I realize, perhaps more keenly than some here, how flawed these candidates are, how flawed the government is at all levels, and how much work needs to be done to correct the massive errors that the philosophy of statism has caused. I vote, not because the system is perfect, but precisely because it is badly flawed, and in need of serious reform.

    Just like the old house my family lives in, there is ample room for renovation and improvements on every level. I find it more effective to work inside the house, fixing the problems as best I can, rather than stand on the lawn and throw rocks at the walls until they fall down.

    You must choose your own path. (Superfluous Star Wars reference)

  • I am a free man— free in a way, and to an extent, that only a tiny fraction of the billions of human beings who have lived on this planet have had any chance to experience. To paraphrase MacArthur, if I failed to participate in this vital expression of my freedom, the ghosts of those millions who had pledged their lives and sacred honor to secure this right would rise up to chastise me.

    You’re free to take your neighbors things and force them to live their lives as you please. They are free to do the same to you. That is democracy.

    You’re right, most of humanity never did have the chance to equally violate each others’ rights. It used to be only the alpha-male and his friends got to do that. Now you have a say also. Congrats on your freedom.

  • Andrew Robb

    Jonathan Wilde –

    Read your blog. You wouldn’t happen to read Ken MacLeod would you?

  • veryretired

    Jonathon—you seem a little testy. Did you fall and skin your knee at recess?

  • Andrew Robb

    Jonathan-

    I thought so. MacLeod’s vision of anarcho-capitalism is extreamly vivid and beutiful but, alas, it is only fiction.

    Most of the failings of government, be it communist, democratic, facist, or other, are brought about by failings of human nature. The multitude of anarchist philosophys are not immune from this. A government, or lack of one, is only perfect if everyone plays along.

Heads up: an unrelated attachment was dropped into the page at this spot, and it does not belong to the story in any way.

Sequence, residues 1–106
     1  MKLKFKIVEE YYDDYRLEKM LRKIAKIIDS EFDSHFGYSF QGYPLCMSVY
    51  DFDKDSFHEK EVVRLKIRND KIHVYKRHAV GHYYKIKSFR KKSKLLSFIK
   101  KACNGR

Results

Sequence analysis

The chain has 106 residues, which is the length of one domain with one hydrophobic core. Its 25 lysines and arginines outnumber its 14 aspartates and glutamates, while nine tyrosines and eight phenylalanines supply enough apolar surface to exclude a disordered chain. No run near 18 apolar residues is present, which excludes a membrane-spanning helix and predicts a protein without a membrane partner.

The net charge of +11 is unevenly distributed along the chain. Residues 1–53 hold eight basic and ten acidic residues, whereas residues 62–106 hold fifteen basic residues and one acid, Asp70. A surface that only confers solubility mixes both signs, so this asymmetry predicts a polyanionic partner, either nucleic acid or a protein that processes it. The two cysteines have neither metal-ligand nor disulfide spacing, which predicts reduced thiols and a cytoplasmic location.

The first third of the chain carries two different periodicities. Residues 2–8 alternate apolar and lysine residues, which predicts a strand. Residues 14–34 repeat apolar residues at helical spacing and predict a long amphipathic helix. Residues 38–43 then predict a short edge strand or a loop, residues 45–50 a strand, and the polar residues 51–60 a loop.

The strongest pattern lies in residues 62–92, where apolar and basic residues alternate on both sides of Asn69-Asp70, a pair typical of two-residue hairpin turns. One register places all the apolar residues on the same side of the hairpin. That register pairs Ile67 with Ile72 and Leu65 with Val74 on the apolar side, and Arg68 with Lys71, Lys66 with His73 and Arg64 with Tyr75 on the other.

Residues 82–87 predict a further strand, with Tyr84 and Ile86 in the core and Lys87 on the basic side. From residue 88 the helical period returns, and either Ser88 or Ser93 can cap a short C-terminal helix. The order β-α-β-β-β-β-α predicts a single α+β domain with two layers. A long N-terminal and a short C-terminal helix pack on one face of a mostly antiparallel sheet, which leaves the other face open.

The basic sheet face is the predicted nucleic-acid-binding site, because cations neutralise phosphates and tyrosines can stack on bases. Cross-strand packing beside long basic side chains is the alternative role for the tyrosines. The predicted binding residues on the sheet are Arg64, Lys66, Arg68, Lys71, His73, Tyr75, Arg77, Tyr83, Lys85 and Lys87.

Pitons firmly hammered into the slippery slope, I present you with the opinion that having a system of written laws, carefully drafted, which protect the great majority of freedoms granted to me by mere existance is better than trusting the asshole down the street from me to keep his hands off my stuff.

    And no, I don’t think the threat of violence against his person will help either. Most criminals believe the won’t be caught.

  • MacLeod’s vision has not been of particular influence on me. I simply enjoy his novels.

    Regardless of the Founders’ intentions, modern day democracy is not the Republic they intended. We were never meant to vote to decide for each other what the ‘correct’ price at which to buy our goods is, nor whom to buy them from. Nor were we to vote to decide which types of marriages we could form. Nor what kinds of medicine we should treat ourselves with.

    The guys in charge are not playing by the rules. There’s no need to play by theirs. Voting today is a scam.

  • Andrew Robb

    My apologies for the assumption and I agree with your evaluation of our modern government. But without voting or seeking to influence the vote of others, how do you plan to improve anything?

  • You can do lots of things – from influencing politicians, their friends, their advisors, to influencing public opinion, to creating alternatives that compete with government for patrionage. I posted some here and my co-blogger posted some here. But voting is simply an exercise in futility.

  • Andrew Robb

    I see the concept of influencing politicians and voters when you yourself don’t vote as being at least vaugely hipocritical if not outrightly so. I feel you would have more success in influencing public opinion if you did vote. Or even, as some other readers of this blog do, actually work from inside the system.

    But since I agree with the rest of what you have to say, I’ll beg off and wish you good luck. We have the same goals I think, just differing execution.

  • I see the concept of influencing politicians and voters when you yourself don’t vote as being at least vaugely hipocritical if not outrightly so. I feel you would have more success in influencing public opinion if you did vote. Or even, as some other readers of this blog do, actually work from inside the system.

    It’s hypocritical to complain when you sanction the outcome. That is sending the wrong message. I am more consistent in complaining and not taking part. I don’t agree with what’s going on, and therefore I cannot participate.

  • Andrew Robb

    I see myself as more likley to succeed and this argument as splitting hairs.

  • Shawn

    Rebecca is spot on.

    I would add that a ‘None of the Above’ vote at a time of war is is an abdication of moral responsibilty, and a good example of why liberatrians increasingly look like spoilt children.